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Oklahoma Sooners Football: Who Will Step Up In the Sugar Bowl?

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Five Sooners who can position themselves for next season with strong bowl performances.

NCAA Football: Baylor at Oklahoma Mark D. Smith-USA TODAY Sports

For some Sooners, like Dede Westbrook and Geno Lewis, the Sugar Bowl is all about getting some final game film for NFL scouts. Other guys, like Baker Mayfield and Orlando Brown, are just trying to win and make it through the game in one piece so they can get ready for a title run next season.

But there are a handful of OU players who are still trying to make their case for 2017, guys who will either step up or fall back as other talents move up and become the team’s playmakers. There are lots of position battles to be won this offseason. Who will fill Dede’s shoes? How young will the defense have to be? Lots of players can make a positive impression to the OU staff with a solid showing in New Orleans.

Here, then, are five guys to keep an eye on who have the most to gain from a great day on January 2:

CB Jordan Parker

If Parker thinks that his late-season stabilization of the second corner spot has earned him playing time in 2017, one look at poor Dakota Austin should disabuse him of that notion. Still, I think it’s fair to say that Parker has the chance to be the best defensive back on the team in the future. He’s just got to earn his spot and fend off challenges from newcomers like Tre Brown and Justin Broiles.

Parker’s been getting better as the season goes on, and there’s no reason to expect less in New Orleans. Sean White and the Auburn receivers will be a reasonable test—they shouldn’t scare anyone, but likewise shouldn’t be overlooked.

All Parker has to show is improvement. If he misses some tackles, draws some flags or gets burned over the top, the coaching staff will explore its options at this position. But I think it’s safe to say that Parker’s job is as safe as any listed here—OU’s just thin on the edges, and throughout the defense.

S Will Sunderland

Sunderland exploded onto the scene this year with a game-saving interception in Dallas that showed off a truly extraordinary instinct for the ball.

And... that was pretty much his season. Sunderland was never able to turn that transcendent moment into consistent production, or even a start, and through two seasons at OU has played in 15 games with 17 tackles, 1 pass breakup and, yes, 1 interception.

Sunderland can do better. He won’t start against Auburn, but he’ll see the field, and if there was ever a time to argue for Ahmad Thomas’s job, it’s now.

LB Ricky DeBerry

I’m certain I wasn’t the only one ridiculously excited when DeBerry hit the field for the first time this season after his redshirt year. A borderline five-star talent, I expected DeBerry to be a quick and consistent part of the OU linebacker rotation.

Yet even when the unit thinned, DeBerry stayed mostly on the sidelines this year even as dudes like Kapri Doucet and Caleb Kelly got extended looks. Kelly looks like the future opposite Obo Okoronkwo, but it remains to be seen if DeBerry has what it takes to replace Obo down the line.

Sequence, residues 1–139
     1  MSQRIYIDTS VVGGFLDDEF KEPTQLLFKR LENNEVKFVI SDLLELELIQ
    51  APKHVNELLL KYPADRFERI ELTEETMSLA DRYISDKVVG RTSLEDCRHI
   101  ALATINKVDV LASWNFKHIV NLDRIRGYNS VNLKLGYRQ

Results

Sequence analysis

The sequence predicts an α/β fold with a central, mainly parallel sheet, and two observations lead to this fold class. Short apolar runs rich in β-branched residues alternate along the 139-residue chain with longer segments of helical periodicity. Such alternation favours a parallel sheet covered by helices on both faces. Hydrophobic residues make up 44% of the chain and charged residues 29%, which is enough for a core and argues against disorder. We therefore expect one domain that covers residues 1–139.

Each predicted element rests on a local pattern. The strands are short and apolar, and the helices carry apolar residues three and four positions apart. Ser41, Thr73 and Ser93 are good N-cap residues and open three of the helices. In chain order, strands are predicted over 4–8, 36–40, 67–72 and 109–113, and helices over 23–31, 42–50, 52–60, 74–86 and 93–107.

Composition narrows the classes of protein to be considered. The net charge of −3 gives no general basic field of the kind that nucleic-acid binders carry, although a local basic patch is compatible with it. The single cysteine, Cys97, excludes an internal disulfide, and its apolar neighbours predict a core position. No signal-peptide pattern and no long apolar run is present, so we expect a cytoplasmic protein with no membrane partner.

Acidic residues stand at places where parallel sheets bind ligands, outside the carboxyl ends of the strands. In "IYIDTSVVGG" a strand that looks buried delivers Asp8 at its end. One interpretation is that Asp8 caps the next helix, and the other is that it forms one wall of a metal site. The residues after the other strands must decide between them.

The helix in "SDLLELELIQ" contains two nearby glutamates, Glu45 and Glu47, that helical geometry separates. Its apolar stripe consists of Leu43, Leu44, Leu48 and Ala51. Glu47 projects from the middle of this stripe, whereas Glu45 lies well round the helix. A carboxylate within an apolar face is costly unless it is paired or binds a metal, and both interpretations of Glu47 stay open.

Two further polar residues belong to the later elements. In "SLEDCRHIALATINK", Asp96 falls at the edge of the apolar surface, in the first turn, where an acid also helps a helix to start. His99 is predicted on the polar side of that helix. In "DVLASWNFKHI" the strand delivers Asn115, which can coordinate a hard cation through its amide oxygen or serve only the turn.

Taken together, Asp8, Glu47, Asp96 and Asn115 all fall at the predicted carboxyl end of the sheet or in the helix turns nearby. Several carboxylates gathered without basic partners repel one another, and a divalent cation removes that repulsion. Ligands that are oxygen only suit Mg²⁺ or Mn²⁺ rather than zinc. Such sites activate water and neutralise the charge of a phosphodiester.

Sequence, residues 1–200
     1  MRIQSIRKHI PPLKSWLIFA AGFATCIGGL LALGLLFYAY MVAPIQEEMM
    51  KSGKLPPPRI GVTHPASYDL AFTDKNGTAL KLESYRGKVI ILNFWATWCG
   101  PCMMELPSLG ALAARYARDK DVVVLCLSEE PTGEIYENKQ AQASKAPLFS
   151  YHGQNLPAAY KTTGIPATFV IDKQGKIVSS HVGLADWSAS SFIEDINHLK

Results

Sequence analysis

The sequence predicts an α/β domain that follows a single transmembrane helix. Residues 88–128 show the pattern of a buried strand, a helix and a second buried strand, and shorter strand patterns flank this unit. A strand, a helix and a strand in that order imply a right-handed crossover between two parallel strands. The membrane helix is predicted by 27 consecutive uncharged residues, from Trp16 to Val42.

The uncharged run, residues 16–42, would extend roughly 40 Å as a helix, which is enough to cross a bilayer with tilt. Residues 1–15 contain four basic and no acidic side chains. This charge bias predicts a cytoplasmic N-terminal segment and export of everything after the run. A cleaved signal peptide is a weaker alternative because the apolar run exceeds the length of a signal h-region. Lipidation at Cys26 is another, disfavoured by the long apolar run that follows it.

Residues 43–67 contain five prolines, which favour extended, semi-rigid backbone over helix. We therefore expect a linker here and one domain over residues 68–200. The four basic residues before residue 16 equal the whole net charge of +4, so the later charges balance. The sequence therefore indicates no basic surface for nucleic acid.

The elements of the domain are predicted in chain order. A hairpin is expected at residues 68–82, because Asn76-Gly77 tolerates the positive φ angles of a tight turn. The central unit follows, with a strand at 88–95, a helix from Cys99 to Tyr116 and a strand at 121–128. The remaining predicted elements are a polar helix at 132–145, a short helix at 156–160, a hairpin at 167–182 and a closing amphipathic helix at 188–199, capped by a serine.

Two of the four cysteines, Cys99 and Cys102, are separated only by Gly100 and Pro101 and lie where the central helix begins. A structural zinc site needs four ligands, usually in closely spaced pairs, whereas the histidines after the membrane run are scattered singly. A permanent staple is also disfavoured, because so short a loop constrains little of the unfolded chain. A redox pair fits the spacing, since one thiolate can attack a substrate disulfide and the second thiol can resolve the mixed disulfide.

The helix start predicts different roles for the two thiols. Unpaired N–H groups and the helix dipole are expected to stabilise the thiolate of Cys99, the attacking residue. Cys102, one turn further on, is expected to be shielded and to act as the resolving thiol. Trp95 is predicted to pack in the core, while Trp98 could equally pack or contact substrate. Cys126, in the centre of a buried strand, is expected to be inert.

I feel like Oklahoma will be cautious with Obo in the glorified exhibition of the Sugar Bowl. Hopefully that will give DeBerry a few minutes to make a play.

WR Jordan Smallwood

The last two guys on my list are wide receivers. Smallwood’s not a name on the front of anyone’s mind, but the redshirt junior has just one more season of college ball and there’s no doubt he intends to take advantage.

Smallwood has only eight receptions through his 32 games, five of which came this year. He’s never scored or caught a pass for more than 20 yards. I guess we can think of him as the ultimate Sugar Bowl sleeper agent—while the Tigers double-cover Dede Westbrook and stare anxiously at big Mark Andrews in the slot, maybe Smallwood has a chance for a catch or two in the Sugar.

There’s an open position for go-to receivers on next year’s Sooner squad, and Smallwood should consider the Sugar Bowl his application.

WR Mykel Jones

Jones’s talent is apparent enough. The speedy four-star freshman is already high on the list of potential breakout candidates on next year’s OU team, but he can get started early with three or four receptions in the Sugar Bowl.

Jones made a bigger impact than most freshman receivers, but Westbrook’s dominance effectively put a cap on the rest of the unit. Jones is still looking for his first OU touchdown, and the Sugar Bowl would be a great place to start. Of course, it’s entirely possible that the OU offense will be just as reliant on Westbrook, Perine and Mixon in New Orleans as it has been all season. The Sooners want to win, after all. But it would be to their benefit to change things up a bit, both from a game-planning and forward-looking perspective.

If Jones is really a big part of Lincoln Riley’s future plans—and I think he is—a few targets would be a nice way to show it. At that point, it’s all up to him.